BioSurveillance -- Your DNA, Art & Privacy

Editors Note: This article appeared in Salvo 30, Fall 2014 edition and is used by permission. 

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If you’ve ever left a stray hair in an airport bathroom sink, tossed a used tissue into the trash, or recycled a water bottle, you could be a target of surveillance, of the genetic kind. Collection of your DNA from these artifacts might be an example of police opportunism, or the germ for an art project.

Heather Dewey-Hagborg collected DNA from a cigarette butt and analyzed the DNA extracted from saliva on the butt, to create 3-D portrait of the smoker.[1] The face mask she created from her own DNA is not an identical match,[2] but the amount of personal details that can be learned from DNA analysis—ancestry and genetic risks for disease—is disturbing. Dewey-Hagborg intends to unsettle us, by highlighting the uses—and misuses—that can be made of “abandoned DNA.”

If DNA art intrigues you, check out the variety of websites that offer to create wall art from your personal DNA sample. Some promise that your identity will be kept anonymous, either by omitting key fragments, or by destroying any identifying links. DNA sleuths, however, might be able to narrow your identity to a group of twelve, six, or fewer possibilities. Earlier this year, a keynote session at the Bio-IT World Conference & Expo was devoted to genetic privacy.[3] Cyber security expert Yaniv Erlich used public information to identify the DNA of J. Craig Venter, a pioneer in genome sequencing.

Big Data facilitates the collection, storage, and dissemination of genetic information. Law enforcement use varies from “voluntary DNA dragnets” to solve a crime to federal checkpoints to collect saliva and blood samples for a drunk driving study. But concerns about collection of DNA information extend far beyond criminal purposes. It is standard procedure to sample the blood of every newborn, often without parental consent. In some states, these blood spots are retained indefinitely, and have been eyed as a massive cache of genetic research material.  DNA samples submitted for paternity testing or genealogical purposes may be retained and resold for medical or pharmaceutical research.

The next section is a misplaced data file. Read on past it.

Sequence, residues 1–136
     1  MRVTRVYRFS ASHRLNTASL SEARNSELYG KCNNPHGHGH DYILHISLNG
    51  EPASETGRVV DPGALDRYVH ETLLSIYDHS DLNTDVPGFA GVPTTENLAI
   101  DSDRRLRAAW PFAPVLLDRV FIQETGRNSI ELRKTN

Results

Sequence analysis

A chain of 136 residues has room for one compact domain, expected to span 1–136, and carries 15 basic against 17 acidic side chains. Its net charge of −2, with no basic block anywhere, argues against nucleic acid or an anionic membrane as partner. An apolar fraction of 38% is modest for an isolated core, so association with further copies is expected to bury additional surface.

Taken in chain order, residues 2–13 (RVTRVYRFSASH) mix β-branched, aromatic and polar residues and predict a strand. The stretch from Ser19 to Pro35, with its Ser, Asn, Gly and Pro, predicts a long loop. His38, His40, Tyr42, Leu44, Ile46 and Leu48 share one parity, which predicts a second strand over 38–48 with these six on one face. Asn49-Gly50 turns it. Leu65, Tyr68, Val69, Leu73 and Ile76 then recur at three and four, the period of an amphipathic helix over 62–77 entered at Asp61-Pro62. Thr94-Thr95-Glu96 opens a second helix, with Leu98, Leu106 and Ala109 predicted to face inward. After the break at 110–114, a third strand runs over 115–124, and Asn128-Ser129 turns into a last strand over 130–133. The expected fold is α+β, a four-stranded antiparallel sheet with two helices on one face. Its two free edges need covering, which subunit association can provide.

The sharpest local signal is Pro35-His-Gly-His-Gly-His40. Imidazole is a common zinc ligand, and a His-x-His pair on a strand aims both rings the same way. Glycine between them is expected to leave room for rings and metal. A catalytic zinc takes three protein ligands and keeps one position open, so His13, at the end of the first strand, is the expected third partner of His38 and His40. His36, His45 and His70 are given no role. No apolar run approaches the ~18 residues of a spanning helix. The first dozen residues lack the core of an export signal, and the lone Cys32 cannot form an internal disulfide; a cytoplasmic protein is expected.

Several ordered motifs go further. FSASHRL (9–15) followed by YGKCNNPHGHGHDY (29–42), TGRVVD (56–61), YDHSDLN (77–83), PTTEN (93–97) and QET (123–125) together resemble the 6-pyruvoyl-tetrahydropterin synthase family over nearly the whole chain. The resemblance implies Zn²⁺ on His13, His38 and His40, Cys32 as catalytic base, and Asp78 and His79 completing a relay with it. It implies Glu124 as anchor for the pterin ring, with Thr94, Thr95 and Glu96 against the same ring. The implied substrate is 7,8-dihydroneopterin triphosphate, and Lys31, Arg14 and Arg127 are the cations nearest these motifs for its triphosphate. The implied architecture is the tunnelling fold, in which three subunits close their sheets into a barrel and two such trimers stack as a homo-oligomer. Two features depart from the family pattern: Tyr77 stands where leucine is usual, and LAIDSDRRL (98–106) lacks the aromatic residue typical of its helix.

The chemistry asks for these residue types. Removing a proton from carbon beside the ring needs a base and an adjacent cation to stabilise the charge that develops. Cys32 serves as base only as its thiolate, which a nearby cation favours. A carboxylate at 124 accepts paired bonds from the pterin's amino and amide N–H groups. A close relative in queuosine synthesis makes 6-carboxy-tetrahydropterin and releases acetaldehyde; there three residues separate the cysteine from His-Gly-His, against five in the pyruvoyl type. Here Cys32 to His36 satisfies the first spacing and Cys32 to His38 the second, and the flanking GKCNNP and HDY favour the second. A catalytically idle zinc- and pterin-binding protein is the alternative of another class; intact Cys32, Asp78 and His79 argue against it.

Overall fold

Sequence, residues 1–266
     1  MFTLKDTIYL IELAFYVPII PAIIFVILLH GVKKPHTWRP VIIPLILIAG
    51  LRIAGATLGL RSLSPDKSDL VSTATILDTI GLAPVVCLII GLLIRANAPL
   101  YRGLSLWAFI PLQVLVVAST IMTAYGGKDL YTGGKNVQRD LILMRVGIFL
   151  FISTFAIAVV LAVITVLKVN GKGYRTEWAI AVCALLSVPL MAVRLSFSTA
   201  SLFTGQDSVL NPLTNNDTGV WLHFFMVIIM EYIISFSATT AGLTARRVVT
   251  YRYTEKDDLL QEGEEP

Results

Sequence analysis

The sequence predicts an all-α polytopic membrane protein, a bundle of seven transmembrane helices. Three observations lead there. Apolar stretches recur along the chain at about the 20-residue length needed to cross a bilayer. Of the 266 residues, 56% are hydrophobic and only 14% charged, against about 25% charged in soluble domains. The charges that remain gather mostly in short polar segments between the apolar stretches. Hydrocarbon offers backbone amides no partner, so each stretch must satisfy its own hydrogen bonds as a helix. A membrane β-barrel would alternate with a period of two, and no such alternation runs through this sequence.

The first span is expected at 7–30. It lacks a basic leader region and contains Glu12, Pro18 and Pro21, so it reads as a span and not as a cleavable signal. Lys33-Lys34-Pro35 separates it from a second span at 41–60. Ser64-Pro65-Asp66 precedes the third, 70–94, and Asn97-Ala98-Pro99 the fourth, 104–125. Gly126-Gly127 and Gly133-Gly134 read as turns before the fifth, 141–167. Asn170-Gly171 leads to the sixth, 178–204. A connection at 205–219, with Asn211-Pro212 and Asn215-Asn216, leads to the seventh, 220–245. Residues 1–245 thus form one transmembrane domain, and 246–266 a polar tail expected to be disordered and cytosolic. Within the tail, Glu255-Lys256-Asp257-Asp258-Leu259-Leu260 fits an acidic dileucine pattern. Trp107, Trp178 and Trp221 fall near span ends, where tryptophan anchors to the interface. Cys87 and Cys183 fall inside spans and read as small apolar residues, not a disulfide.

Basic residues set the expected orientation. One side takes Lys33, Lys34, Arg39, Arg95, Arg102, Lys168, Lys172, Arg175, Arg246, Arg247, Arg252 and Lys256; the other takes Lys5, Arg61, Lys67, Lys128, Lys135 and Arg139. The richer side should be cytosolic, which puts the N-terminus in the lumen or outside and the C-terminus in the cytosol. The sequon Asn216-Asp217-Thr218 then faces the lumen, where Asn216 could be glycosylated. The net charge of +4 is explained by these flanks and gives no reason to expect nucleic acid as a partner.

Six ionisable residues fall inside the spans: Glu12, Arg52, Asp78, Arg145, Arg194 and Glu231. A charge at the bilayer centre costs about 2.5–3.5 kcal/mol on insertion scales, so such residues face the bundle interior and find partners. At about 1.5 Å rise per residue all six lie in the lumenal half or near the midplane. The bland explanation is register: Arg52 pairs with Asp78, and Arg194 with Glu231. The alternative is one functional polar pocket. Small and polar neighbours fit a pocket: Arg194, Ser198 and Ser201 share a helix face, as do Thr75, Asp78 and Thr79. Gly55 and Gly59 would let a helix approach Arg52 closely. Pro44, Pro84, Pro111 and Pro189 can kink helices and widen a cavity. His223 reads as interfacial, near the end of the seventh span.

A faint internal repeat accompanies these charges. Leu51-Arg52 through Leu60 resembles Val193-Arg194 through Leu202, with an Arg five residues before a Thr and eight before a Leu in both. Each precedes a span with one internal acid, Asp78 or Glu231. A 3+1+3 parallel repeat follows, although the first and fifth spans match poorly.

Rights of privacy and autonomy justify natural concerns—even outrage—over misuse or the unconsented use of our DNA. These individual claims bump up against public health research, which is not possible without large population samples. For example, genetic research revealed how to reduce breast cancer risk for women carrying the mutation. An ongoing study is designed to sort out the genetic and environmental factors that contribute to childhood diabetes and obesity. The public health research need for DNA challenges us to prioritize not only personal medical needs, but also reducing diseases that affect the broader community.

Addressing complex public health issues can only be resolved with complex, comprehensive data. The challenge is to protect privacy and autonomy concerns, while obtaining data that represents the entire population. Whether that is possible in an era of massive database breaches by both governments and big business is an open question.

Legislative solutions are limited in protecting genetic privacy; there is no law against picking up discarded Big Mac boxes. Despite rigorous research protocols for separating identifiable information, genetic profiles can be “hacked.” Participating in public health research is a meaningful contribution to the public good, but the participant must be willing to accept the possibility of human failure in protecting data. The good news is that most people are willing to consent, if they are asked.

But for the genuine DNA recluse, there is a new product. Along with her DNA art project, Dewey-Hagborg unveiled “Invisible,” a commercial product designed to eradicate stray traces of DNA. Just spray “Erase” and “Replace,” and your DNA trail vanishes.

[1] Tabitha M. Powledge, “DNA in rogue databases and genetic privacy.” Genetic Literacy Project, July 1, 2014.

[2] Megan Gambino, “Creepy or Cool? Portraits Derived from DNA in Hair and Gum Found in Public Places,”, May 3, 2013.

[3] Aaron Krol, “Final Keynotes at Bio-IT World Wrestle with Genetic Privacy,” Bio-IT World, May 9, 2014.